This little hamlet, embosomed in the undulations of a rich and smiling country, is the very ideal of picturesque beauty and primitive simplicity. There are no streets, no rows of houses; but a couple of hundred rustic cottages are scattered about, amid shady orchards and fragrant gardens. The inhabitants, chiefly devoted to agriculture, have most of the comforts, without any of the luxuries, of life. There is little wealth amongst them, and but scanty learning: they are ignorant or heedless of modern improvements: and, free from ambition and from care, they pass their lives in humble, contented, obscurity.

But it was not to admire picturesque scenery, or rustic simplicity of manners, that I had come to the hamlet of Bois d'Haine. The story had gone about that, near to this tranquil and secluded spot, a peasant girl, by name Louise Lateau, had for four years borne on her hands and feet and side, the stigmas of our Lord's Passion ; that from these stigmas, blood flowed copiously on the Friday of each successive week, while, at the same time, around her head, was developed a coronet of bleeding points, representing the crown of thorns. Further, it was said, that every Friday, for several hours together, she was rapt in an ecstasy, during which she became completely insensible to all material objects, and wholly absorbed in the contemplation of the Divine Passion, the various scenes of VOL. IX.


which were vividly present to her mind, as in a vision. This story I had read, from time to time, variously told, in newspapers and magazines, and now I was come to the place itself, in the hope that I might be able to see, with my own eyes, so striking and wonderful a prodigy.

It was exactly a quarter to six o'clock when I reached the Curé's house. The outer door was opened directly I pulled the bell, and I found him walking in his garden. He told me it was not allowed to every one to see Louise, but only to very few, and that none were admitted except on a written application, made some weeks beforehand. After a little conversation, however, he kindly agreed to relax the rule in my favour; and, as this was Friday, he proposed I should come down to his house between twelve and one o'clock, when I might go with him to see her in her ecstasy.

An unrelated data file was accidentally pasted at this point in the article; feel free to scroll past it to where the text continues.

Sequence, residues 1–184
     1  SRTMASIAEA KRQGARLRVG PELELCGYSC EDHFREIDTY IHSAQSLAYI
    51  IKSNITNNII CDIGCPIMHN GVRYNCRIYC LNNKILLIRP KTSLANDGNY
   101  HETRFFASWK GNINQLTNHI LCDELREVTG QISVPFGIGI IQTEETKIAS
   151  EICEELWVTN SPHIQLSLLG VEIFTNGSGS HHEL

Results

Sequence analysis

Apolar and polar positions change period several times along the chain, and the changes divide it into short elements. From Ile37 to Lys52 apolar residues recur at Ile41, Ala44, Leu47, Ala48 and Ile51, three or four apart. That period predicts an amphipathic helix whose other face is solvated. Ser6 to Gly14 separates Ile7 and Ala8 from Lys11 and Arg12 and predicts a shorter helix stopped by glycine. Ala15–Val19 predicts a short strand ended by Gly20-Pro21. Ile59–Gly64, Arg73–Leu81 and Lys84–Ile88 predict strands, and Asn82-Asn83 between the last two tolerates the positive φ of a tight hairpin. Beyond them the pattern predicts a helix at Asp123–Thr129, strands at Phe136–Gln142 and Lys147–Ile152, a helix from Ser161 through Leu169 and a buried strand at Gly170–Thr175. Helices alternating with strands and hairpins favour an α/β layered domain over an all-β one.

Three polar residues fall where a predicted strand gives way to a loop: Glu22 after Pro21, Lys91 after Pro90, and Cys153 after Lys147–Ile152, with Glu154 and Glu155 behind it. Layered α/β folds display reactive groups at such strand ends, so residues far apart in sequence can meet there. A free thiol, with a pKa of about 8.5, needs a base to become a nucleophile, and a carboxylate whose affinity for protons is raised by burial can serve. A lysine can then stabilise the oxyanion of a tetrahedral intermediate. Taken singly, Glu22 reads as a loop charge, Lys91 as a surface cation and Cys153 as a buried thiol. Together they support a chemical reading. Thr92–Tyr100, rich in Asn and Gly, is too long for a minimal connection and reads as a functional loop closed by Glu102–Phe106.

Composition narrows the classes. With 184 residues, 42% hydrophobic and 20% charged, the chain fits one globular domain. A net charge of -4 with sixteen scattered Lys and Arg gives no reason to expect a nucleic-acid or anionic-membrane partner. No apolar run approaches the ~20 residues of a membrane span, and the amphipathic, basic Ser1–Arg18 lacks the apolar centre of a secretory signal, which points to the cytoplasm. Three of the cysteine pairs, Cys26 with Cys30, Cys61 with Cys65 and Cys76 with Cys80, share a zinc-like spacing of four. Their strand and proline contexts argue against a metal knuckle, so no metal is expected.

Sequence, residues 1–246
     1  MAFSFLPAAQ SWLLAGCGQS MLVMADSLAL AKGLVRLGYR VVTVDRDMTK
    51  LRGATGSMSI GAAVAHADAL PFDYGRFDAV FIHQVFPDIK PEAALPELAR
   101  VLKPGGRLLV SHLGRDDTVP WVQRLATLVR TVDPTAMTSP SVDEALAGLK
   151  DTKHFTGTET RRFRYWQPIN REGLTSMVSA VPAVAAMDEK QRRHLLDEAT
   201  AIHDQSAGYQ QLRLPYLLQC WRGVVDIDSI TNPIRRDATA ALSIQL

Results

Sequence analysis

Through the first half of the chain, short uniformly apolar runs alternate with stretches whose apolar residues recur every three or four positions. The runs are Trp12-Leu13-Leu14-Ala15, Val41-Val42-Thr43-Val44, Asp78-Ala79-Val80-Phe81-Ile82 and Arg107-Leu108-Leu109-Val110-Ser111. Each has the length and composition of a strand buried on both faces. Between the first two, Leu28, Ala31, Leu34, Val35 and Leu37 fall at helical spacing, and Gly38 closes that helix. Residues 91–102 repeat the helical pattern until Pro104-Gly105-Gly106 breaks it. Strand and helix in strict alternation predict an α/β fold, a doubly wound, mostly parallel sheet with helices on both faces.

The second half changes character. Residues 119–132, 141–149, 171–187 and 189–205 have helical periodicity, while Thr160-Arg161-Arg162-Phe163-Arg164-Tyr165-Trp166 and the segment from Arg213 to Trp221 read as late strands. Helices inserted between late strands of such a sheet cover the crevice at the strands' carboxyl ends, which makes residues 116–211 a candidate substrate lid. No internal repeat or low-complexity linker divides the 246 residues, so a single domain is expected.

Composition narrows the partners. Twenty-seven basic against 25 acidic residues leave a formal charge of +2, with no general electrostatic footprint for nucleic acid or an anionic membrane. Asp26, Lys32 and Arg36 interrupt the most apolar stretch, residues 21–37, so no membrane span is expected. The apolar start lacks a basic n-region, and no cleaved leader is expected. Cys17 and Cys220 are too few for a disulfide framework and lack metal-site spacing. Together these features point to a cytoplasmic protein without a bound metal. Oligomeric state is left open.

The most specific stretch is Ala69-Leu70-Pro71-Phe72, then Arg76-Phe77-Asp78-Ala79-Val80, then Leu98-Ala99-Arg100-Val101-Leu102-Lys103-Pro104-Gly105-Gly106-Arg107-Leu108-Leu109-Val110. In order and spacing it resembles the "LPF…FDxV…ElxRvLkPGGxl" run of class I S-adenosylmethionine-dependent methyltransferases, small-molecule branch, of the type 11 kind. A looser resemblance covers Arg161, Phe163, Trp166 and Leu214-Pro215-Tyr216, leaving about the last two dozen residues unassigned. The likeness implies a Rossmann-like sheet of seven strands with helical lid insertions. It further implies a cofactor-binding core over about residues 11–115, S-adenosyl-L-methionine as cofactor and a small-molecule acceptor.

In the meantime we had reached the little church where he was about to say Mass. Three or four priests were already there, who had come, like myself, from a distance, to see the Ecstatica. I found, on inquiry, they were now going direct to her house, to give her Holy Communion. It is her uniform practice to receive Communion daily. On all other days she comes to the church, like the rest of the faithful. But on Fridays she cannot come, on account of the bleeding : and so, by a special privilege, the Blessed Sacrament is carried to her house. I asked the Cure's permission to accompany the procession; and we set out just as the bell for six o'clock Mass had ceased to toll.

The Sacristan of the church went first, bearing a lighted torch enclosed within an ornamental lantern. Next, in soutane and surplice, and stole, followed the priest, who carried the Blessed Sacrament. Then came three other priests and myself. We took a path through the fields, the same by which I had come to the hamlet, half an hour before. As we wound our way along, the sun burst out through a thin veil of cloud that hung in the eastern sky, the dew glistened on the grass, and a light wind rustled through the ears of corn. Emerging, after a few minutes, from the path, we came on a sort of bridle road, and passed some scattered houses. There were peasant children playing in the way: there were busy housewives sweeping out their houses: there were listless idlers attracted to the doorsteps, to see the procession go by : and all knelt down to adore the Blessed Sacrament as it passed.

Then we came to a level crossing on the railway-a branch line from Manage, which penetrates into the heart of the coal country. A long train of coal waggons was coming up, and we had to wait for a minute or two. The engine-driver and